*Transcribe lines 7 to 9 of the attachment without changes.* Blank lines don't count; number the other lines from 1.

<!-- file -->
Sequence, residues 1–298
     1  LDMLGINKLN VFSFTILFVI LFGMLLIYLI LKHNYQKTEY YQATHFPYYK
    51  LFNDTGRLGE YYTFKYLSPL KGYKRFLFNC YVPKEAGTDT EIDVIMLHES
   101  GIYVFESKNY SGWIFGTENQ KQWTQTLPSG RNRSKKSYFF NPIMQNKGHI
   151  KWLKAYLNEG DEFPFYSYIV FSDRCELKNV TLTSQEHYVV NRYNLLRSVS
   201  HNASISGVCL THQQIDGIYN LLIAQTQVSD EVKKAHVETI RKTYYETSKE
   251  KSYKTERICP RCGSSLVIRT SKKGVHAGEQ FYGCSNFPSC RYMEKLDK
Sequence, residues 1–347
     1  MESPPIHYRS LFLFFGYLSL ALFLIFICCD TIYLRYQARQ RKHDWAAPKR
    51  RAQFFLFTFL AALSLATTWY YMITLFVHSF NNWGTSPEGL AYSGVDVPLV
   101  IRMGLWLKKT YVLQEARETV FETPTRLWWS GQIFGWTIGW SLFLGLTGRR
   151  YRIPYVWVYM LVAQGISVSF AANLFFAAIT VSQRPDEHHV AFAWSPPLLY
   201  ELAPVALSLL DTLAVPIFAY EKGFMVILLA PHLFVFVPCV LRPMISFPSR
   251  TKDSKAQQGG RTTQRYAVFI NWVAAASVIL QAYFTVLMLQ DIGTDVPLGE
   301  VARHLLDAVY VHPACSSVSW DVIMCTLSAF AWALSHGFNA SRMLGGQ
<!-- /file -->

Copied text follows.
   251  KSYKTERICP RCGSSLVIRT SKKGVHAGEQ FYGCSNFPSC RYMEKLDK
Sequence, residues 1–347
     1  MESPPIHYRS LFLFFGYLSL ALFLIFICCD TIYLRYQARQ RKHDWAAPKR